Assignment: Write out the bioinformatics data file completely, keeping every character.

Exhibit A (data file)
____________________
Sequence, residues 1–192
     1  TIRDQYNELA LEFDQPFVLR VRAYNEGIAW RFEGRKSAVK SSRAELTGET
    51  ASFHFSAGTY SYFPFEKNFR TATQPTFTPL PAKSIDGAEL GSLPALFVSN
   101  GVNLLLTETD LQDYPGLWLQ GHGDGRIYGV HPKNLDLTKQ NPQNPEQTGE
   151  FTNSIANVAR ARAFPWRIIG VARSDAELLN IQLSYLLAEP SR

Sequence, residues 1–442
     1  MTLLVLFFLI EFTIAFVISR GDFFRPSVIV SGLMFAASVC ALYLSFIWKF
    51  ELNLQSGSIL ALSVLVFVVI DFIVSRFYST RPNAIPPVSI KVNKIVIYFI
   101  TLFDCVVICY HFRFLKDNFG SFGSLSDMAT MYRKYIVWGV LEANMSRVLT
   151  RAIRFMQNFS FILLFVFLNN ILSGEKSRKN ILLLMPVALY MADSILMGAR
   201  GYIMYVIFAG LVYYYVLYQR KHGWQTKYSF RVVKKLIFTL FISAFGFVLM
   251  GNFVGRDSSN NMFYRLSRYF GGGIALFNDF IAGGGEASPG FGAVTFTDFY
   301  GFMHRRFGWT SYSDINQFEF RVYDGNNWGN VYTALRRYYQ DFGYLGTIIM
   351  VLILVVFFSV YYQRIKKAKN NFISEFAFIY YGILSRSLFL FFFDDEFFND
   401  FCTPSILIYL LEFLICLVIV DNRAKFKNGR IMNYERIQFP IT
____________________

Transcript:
Sequence, residues 1–192
     1  TIRDQYNELA LEFDQPFVLR VRAYNEGIAW RFEGRKSAVK SSRAELTGET
    51  ASFHFSAGTY SYFPFEKNFR TATQPTFTPL PAKSIDGAEL GSLPALFVSN
   101  GVNLLLTETD LQDYPGLWLQ GHGDGRIYGV HPKNLDLTKQ NPQNPEQTGE
   151  FTNSIANVAR ARAFPWRIIG VARSDAELLN IQLSYLLAEP SR

Sequence, residues 1–442
     1  MTLLVLFFLI EFTIAFVISR GDFFRPSVIV SGLMFAASVC ALYLSFIWKF
    51  ELNLQSGSIL ALSVLVFVVI DFIVSRFYST RPNAIPPVSI KVNKIVIYFI
   101  TLFDCVVICY HFRFLKDNFG SFGSLSDMAT MYRKYIVWGV LEANMSRVLT
   151  RAIRFMQNFS FILLFVFLNN ILSGEKSRKN ILLLMPVALY MADSILMGAR
   201  GYIMYVIFAG LVYYYVLYQR KHGWQTKYSF RVVKKLIFTL FISAFGFVLM
   251  GNFVGRDSSN NMFYRLSRYF GGGIALFNDF IAGGGEASPG FGAVTFTDFY
   301  GFMHRRFGWT SYSDINQFEF RVYDGNNWGN VYTALRRYYQ DFGYLGTIIM
   351  VLILVVFFSV YYQRIKKAKN NFISEFAFIY YGILSRSLFL FFFDDEFFND
   401  FCTPSILIYL LEFLICLVIV DNRAKFKNGR IMNYERIQFP IT